Tufts' leader of the research team is to be banned from conducting research on human subjects for 2 years. Team members in China have already been sacked.
NOTE: It will be interesting to see whether the Tufts' report fully addresses the issue of the discrepancies revealed about the study by an investigation undertaken by the Chinese Center for Disease Control and Prevention that led to the sacking of others involved in the research.
In the light of these discrepancies, a policy researcher at the Chinese Academy of Sciences was quoted in the journal Nature as asking, "How much Golden Rice did the children have exactly? Either the researchers are lying about this now or they lied about it in their paper. It's a serious offence either way."
For multiple resources on Golden Rice:
Dan Charles, NPR, September 17 2013
Tufts University announced Tuesday that one of its researchers broke ethical rules while carrying out a study of genetically modified "golden rice" in China.
According to the Tufts report, the scientific conclusions of the study remain valid. The researchers had found that a single bowl of this rice can supply more than half of a child's daily vitamin A requirement — the most convincing evidence so far that golden rice can, in fact, be a useful tool in fighting malnutrition. But when the study was published last year, anti-biotech campaigners at Greenpeace China immediately called it a scandal, accusing the research team, led by Tufts' Guangwen Tang, of feeding children a "potentially dangerous product" without informing their parents of exactly what the children were eating.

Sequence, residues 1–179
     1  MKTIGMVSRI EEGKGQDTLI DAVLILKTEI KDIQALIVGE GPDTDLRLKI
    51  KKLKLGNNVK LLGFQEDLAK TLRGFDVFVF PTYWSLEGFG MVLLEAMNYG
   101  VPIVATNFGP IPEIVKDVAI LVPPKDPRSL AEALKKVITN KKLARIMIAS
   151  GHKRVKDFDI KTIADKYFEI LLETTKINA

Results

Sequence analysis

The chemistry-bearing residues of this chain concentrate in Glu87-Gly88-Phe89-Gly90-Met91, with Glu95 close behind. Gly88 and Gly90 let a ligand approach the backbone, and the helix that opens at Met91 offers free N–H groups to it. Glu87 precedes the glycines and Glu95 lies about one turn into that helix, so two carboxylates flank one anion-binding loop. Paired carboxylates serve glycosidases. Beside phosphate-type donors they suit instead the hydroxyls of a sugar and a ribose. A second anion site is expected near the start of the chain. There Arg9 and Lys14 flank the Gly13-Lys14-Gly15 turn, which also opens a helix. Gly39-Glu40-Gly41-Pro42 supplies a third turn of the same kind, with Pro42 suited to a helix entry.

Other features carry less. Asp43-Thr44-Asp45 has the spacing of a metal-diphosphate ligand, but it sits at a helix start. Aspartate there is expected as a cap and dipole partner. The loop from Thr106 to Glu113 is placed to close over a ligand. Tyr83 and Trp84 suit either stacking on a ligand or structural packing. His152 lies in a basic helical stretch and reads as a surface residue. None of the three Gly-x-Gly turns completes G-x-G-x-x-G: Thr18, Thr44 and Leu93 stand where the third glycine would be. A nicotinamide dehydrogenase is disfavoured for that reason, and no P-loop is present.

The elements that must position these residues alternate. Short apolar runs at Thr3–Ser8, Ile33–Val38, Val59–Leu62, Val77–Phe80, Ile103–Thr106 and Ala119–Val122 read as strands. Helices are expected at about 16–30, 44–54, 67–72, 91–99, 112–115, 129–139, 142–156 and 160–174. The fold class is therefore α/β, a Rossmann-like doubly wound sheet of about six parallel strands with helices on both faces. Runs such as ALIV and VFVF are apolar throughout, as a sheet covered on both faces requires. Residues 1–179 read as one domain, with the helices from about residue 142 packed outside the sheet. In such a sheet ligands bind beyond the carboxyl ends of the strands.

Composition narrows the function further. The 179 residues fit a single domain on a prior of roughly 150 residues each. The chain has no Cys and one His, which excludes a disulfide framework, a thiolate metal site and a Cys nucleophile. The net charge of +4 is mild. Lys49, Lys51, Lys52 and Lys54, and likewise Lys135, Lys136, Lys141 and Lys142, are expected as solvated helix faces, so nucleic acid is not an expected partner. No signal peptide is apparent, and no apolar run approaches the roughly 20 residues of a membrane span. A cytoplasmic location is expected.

Chinese media started investigating and found evidence that Tang and her collaborators in China had cut corners when it came to informing Chinese parents and Chinese regulatory authorities about details of the study. According to a report in Nature magazine, Chinese reporters found an email from a Chinese official involved in the study in which he explained that he was dropping any mention of genetic modification in some documents presented to the children's parents because it was "too sensitive."
In December of last year, the Chinese government announced that it was punishing several China-based researchers who were involved in the study, removing them from their jobs. According to the government, the researchers didn't obtain proper approvals before carrying out the study.
EXTRACT: Some American researchers were skeptical of the Chinese findings. They suspected that the researchers involved in this study were simply the victims of an anti-biotech backlash in China.
But Tufts, after spending more than a year carrying out its own review, now says that the study was not "conducted in full compliance with ... policy or federal regulations." According to the Tufts report, the researchers did not adequately explain the nature of golden rice and made some changes in the study without getting approval from the committee at Tufts that is supposed to review all research involving human subjects.
Guangwen Tang will be banned from conducting research on human subjects for two years. For two years after that, any research that she conducts will be under the direct supervision of another investigator.